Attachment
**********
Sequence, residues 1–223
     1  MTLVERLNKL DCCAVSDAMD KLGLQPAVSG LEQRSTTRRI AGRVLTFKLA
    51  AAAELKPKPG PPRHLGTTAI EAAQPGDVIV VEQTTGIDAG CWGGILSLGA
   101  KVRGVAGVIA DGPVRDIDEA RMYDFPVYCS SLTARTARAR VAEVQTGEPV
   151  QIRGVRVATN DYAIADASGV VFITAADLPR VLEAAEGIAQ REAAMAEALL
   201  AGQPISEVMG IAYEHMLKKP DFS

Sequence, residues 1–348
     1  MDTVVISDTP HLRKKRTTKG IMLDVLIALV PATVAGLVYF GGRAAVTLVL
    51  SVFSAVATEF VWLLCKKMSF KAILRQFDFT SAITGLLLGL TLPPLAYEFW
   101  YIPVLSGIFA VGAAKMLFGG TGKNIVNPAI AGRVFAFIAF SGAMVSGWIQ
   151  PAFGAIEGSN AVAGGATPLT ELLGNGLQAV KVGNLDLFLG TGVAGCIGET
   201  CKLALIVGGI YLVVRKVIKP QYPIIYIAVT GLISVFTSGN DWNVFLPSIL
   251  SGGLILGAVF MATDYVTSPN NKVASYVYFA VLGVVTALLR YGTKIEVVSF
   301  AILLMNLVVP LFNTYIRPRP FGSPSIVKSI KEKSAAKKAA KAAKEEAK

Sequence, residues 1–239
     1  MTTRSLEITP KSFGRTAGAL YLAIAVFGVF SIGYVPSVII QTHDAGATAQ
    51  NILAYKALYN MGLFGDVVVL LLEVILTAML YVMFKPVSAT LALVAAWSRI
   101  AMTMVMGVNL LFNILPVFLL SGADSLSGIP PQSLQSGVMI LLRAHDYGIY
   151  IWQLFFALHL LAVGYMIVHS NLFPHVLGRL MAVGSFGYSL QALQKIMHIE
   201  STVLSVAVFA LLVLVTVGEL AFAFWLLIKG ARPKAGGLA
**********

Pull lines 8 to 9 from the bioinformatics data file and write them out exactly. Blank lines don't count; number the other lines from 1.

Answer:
     1  MDTVVISDTP HLRKKRTTKG IMLDVLIALV PATVAGLVYF GGRAAVTLVL
    51  SVFSAVATEF VWLLCKKMSF KAILRQFDFT SAITGLLLGL TLPPLAYEFW